Becoming a volunteer at Acorns in the Black Country was ‘fate’ for Vic Shuck.
After retiring from work, Vic began looking for a new challenge; something rewarding that would help others.
Everywhere he looked, he came across Acorns.
Vic said: “When I left work after 38 years, I thought what do I do? My wife said about voluntary work. I went onto the computer and typed in voluntary work and Acorns Children’s Hospice came up and I thought what’s that? I put my postcode into the search engine and Acorns Children’s Hospice came up again.
“Every time I tried a new search it came up. Then I learned there was a hospice near me, Acorns hospice in the Black Country. So, I went for an interview. There was something about the place. There was a nice feeling to it, a friendly atmosphere, almost homely. It felt good.”
Vic’s journey with Acorns began with maintenance work.
“I didn’t intend to work with the children really,” he admits. “I’d never given children’s hospices much thought before I came. You imagine beds full of children, at the end of their life. But it isn’t anything like that. It’s a happy, friendly place where children come and stay for respite or short breaks. This place is a friendly, happy place to be.”
The Sutton Coldfield resident quickly moved on to becoming a befriender. It’s a role that sees volunteers work closely with the children, reading, singing and playing games. But Vic doesn’t limit himself. He’s still happy to do maintenance work, spend time in the gardens or greet families, staff and visitors on reception.
He’s also on hand to help with Acorns numerous support groups including parents, siblings and grandparents.
Working so closely with children and families has given Vic a real appreciation for just how vital Acorns services are for those the charity supports.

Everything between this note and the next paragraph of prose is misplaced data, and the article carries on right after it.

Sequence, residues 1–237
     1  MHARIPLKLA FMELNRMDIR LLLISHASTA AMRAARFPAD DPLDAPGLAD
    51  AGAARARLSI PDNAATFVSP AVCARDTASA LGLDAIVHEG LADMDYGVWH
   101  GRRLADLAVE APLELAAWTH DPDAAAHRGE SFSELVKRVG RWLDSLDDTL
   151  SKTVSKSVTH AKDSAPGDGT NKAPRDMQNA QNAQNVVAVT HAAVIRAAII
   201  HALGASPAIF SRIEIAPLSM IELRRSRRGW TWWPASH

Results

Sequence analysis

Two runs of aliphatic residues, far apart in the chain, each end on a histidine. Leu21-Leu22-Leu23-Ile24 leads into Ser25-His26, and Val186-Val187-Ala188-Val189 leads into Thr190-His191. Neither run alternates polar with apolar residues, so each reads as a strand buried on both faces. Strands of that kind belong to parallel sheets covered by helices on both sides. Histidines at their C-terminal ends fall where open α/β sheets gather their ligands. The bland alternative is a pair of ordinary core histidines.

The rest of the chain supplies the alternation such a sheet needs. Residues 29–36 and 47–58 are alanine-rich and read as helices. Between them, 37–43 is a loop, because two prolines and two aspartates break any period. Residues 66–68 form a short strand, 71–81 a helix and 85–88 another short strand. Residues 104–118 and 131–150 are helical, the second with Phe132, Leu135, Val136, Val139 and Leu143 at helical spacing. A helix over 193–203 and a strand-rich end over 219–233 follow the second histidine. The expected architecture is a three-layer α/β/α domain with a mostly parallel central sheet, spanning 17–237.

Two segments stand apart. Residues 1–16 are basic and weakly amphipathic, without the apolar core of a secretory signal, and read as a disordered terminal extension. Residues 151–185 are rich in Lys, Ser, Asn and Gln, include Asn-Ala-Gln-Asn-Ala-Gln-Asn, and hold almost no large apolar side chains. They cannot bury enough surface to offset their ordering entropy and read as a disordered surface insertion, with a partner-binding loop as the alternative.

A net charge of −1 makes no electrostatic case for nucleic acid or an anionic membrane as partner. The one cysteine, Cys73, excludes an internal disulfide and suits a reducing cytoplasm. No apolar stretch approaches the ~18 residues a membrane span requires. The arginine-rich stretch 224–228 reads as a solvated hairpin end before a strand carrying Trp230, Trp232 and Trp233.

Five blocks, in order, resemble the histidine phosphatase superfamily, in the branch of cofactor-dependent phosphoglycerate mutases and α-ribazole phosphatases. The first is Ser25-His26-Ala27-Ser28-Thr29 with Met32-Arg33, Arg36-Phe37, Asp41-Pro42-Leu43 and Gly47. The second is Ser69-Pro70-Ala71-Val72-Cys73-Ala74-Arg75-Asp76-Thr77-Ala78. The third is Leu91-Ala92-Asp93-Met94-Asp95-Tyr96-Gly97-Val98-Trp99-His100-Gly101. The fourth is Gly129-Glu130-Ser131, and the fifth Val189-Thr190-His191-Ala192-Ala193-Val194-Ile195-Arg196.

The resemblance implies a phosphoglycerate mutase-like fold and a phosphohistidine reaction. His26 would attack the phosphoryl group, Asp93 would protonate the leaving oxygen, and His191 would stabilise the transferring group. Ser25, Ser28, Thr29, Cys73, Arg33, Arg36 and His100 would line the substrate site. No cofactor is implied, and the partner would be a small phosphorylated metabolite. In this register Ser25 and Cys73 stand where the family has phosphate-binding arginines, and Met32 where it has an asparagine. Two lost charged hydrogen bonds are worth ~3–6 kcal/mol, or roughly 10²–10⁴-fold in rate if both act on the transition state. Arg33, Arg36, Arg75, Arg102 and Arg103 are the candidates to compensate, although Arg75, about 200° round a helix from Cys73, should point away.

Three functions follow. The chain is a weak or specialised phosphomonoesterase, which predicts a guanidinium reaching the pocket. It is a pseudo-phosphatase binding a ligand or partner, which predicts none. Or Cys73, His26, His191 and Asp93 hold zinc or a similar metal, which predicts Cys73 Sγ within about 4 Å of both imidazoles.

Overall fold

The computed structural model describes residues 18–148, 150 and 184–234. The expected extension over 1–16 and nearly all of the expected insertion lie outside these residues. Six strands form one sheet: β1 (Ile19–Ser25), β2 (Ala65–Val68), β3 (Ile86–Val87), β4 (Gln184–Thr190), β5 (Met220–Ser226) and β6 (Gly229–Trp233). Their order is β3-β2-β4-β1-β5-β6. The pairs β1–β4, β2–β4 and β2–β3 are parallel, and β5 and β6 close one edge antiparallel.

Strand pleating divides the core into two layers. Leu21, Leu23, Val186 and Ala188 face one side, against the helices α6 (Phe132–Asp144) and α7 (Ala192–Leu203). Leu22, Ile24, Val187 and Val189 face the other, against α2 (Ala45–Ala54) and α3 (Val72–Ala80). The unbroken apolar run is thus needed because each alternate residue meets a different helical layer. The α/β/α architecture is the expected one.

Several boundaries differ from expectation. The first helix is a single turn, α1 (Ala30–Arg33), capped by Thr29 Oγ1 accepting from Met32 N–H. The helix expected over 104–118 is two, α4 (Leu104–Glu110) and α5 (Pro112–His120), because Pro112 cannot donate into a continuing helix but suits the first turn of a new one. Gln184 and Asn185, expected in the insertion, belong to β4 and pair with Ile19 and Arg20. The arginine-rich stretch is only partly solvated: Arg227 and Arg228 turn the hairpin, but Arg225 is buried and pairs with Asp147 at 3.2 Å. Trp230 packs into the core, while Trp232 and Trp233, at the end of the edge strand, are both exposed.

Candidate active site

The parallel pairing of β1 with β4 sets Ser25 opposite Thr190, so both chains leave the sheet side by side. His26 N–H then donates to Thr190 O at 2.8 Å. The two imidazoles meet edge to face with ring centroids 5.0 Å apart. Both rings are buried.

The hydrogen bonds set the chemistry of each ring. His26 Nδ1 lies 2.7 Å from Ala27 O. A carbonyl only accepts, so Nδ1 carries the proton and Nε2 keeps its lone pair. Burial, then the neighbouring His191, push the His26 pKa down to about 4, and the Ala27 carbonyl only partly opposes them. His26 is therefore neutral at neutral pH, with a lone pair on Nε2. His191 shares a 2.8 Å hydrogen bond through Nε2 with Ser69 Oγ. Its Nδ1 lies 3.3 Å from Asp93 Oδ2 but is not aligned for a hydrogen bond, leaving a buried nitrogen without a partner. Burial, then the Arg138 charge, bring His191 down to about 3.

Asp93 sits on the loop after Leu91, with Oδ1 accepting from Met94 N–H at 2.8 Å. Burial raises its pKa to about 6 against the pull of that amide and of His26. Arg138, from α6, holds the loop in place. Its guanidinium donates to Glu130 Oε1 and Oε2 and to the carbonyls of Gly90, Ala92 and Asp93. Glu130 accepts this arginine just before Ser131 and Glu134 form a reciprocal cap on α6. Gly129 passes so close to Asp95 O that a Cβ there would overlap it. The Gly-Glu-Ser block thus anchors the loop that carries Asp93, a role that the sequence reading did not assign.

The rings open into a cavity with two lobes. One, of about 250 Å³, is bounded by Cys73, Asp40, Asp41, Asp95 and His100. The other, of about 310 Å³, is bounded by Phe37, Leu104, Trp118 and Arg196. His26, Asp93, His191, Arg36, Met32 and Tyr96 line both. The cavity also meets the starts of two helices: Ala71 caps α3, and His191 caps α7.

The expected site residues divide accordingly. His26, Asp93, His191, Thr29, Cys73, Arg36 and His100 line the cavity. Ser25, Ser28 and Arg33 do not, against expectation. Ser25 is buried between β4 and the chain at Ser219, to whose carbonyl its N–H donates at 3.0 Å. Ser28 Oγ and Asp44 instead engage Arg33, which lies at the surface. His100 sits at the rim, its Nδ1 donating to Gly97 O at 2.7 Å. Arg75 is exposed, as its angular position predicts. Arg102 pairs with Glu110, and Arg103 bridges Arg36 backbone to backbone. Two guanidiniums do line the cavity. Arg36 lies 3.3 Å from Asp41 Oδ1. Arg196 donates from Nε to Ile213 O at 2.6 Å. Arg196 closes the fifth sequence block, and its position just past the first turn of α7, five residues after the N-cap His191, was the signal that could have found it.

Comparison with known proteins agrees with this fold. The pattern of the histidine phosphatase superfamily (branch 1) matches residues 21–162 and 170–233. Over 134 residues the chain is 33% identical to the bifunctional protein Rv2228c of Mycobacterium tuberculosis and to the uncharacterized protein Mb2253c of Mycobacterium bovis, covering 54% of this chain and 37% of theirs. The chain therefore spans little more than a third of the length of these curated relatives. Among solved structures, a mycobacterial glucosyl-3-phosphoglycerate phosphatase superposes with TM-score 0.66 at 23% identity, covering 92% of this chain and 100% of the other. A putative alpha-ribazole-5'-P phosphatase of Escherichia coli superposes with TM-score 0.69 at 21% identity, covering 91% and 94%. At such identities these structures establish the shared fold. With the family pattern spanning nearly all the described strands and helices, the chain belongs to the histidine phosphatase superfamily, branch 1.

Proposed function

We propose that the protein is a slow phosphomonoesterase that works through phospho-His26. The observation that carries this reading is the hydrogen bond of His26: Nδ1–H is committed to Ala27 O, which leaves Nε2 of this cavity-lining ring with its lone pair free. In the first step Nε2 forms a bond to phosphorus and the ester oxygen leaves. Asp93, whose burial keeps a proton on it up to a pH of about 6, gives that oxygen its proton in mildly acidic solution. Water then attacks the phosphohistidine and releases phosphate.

Vic explains: “I enjoy helping out with the sibling group. I really get on well with them. We just click. A lot of the time we’ll do creative things because it’s therapeutic for the children.”
Sadly, it also means Vic knows children who have passed away.
“It is really hard,” he said. “But I have some lovely memories. I remember stacking cards with a little girl. She was nudging the table making the cards fall down. At first I didn’t realise she was nudging the table. Then I noticed she was smiling, and she was moving it. It’s moments like that. Later, I found out she’d passed away, but I have that little memory and it’s a happy one. That’s what it’s all about, the children.”
That’s exactly why Vic keeps coming back and shows no signs of stopping.
“I’m not stopping! “ he insisted. “People don’t really want to talk about hospices, mainly because they don’t understand them. But this is the happiest, friendliest place with loveliest people.
“No parent wants to have to come to a children’s hospice. But when they do come in, they are treated like family. Seeing the expression on their faces when they know they can leave their child and go off on a holiday without worrying is priceless.
“Acorns has given me some great moments, really touching moments that will stay with me. I hope I’ve helped create some happy ones that our children and families will remember too.”